30 April 2007

Holy shit. My thoughts and prayers are with you, Robert.

23 April 2007


More haunted audio, 'recalled' by The Caretaker. After last year's colossally impenetrable six-CD collection 'Theoretically Pure Anterograde Amnesia' James Kirby returns with a more concise, more accessible (but no less confounding) collection of nebulous memoradelia on a double vinyl set care of Belgian label We/Me. This limited vinyl approach is the complete opposite of what James was doing last year with the free internet downloads and CD releases - this album is ultra-exclusive, ultra-brittle, and only about 300 listeners in the world will be able to experience it in it's intended form.

The decision to release on vinyl is significant. The music has been deliberately mastered at low level to encourage the build up of surface noise over time. This music is not meant to be enshrined in pristine digital clarity for all eternity, it is subject to entropy. The state of decay is part of the listening experience. This isn't as crazy as it sounds: I like old music to sound old - I'm not particularly keen on digital remasters. That's why I only listen to the pop music of my childhood via crackly 7" singles or my secret stash of K-Tel compilations, where 20 songs are crushed onto a single plate of wax, compressed and tinny, just like the way they sounded on MW transistor radios in the seventies.

While I'm on this subject, one of the things I find incomprehensible about the otherwise worthy Ghost Box label is that they insist on only releasing their music on CD, that invention of the Thatcherite eighties, completely at odds with the post-war British environment that they wish to invoke. It shouldn't be about convenience or unit costs - the format itself should be integral to the project. The other point about Ghostbox that I find mildly disconcerting is the way that they veer dangerously into the realms of pastiche, deliberately recreating the sonic signifiers of a bygone age, encouraging a cuddly sense of nostalgia. When they get it right, it can be profoundly affecting, but still I find the Caretaker's approach is braver. There's nothing you can really cling onto as specifically familiar (although if pushed I might make vague comparisons to "Zeit"-period Tangerine Dream or the 'Monolith' scenes in Kubrick's '2001 - A Space Odyssey'), it's more about creating an atmosphere, an aged tint, a ghostly non-place that induces reverie rather than a wry smile. A place where buried memories might leak out. The really brave aspect of The Caretaker project is that James puts his faith in the listener to map his or her own psyche across these drifting plains of amorphous choral harmonics and slivers of somnolent static. You only get out of it what you're prepared to put in. You wanna know what I get out of it? None of your damn business. Grab a copy while you can and start facing your own demons.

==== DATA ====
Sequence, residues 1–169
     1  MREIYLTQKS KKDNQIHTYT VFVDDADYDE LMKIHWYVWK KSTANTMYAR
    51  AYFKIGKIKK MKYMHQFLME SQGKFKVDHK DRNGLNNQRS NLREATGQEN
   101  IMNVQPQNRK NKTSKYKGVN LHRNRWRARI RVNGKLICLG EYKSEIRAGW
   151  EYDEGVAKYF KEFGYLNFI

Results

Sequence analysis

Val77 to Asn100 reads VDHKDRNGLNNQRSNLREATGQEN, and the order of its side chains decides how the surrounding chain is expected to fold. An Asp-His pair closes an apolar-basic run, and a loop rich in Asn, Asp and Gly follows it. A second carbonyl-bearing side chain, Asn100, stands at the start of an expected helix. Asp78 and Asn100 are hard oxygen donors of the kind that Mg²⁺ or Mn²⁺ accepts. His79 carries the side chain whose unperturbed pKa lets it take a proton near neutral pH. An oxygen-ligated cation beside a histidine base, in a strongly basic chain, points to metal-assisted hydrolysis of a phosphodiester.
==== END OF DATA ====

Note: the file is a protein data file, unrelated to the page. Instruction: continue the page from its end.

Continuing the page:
20 April 2007

The new viscosity...

19 April 2007


Substance & Vainqueur - Reverberation/Reverberate (Scion Versions)
Second release from the new Scion imprint, continuing the good work S & V started via Chain Reaction in the previous decade. Not much has changed - why mess with perfection? - the beats are ultra-minimal, acting as pure metronomic clicktrack for the obsessively processed chordal textures and chasm-like layers of ambient landscape. Listen intently for the subleties, or just let the whole thing float around you in a soul-cleansing mist of abstract emotion. Lush as fuck, standard.

Pendle Coven - Hex EP (Modern Love)
Love the name...conjures images of nocturnal sisterhood of Lancastrian witches...hints of ancient, evil secrets in hidden pockets of the English landscape. The music doesn't quite live up to that image, but this is a moody three-tracker with the foreboding 4/4 slammer 'Waveplate' taking-up side A, although it's 'Brittle Bones' on the flip that really caught my ear, with its stuttery, hyperactive electro vibe, overdriven bass warble and pensive slivers of reverberated synth. Final track 'Golden Hadron' takes the bpms right down and drifts through dank, stalactite-encrusted caves of dub refraction. Chilly...

Deadbeat - Version Immersion (~scape)
I'm still undecided on the new Pole album, but this EP from Stefen Betke's near-legendary Berlin imprint is hitting all the right erogenous zones. 'One.One.Five' and 'One.Two.Six' mine similar territory, with percussion-heavy grooves weighty sub bass, etc etc...

Patrick Pulsinger - Dogmatic Sequences III (Disco B)
Jesus, I was buying Patrick Pulsinger records ten+ years ago, yet here he is continuing the 'Dogmatic' series in '07 and the results are stupendous. Opener 'R0uleur' is a fucking crucial techno-thrash allied with some dutty bassline bizzniz that writhes 'n wobbles inna righteous dubstep stylee - my man Pulsinger is on the case! 'Looq' and 'Numb Thrust' maintain the headlong rush with slamming beats, chugging bass and rippling washes of synth-colour, but then - what the fuck is this?! - 'Transforming Language' hires in a live drummer and guitarist for some kinda jazz noodle freak-out. Head-scratcher or chin-stroker? Who knows, but let's not forget that Pulsinger pioneered that jazzy techno thing with his iO project (I still hear 'Claire' used in TV programs occasionally) so I guess that's a genuine aspect of his musical gene-pool. More power to him - he's the coolest goddam Austrain on the planet.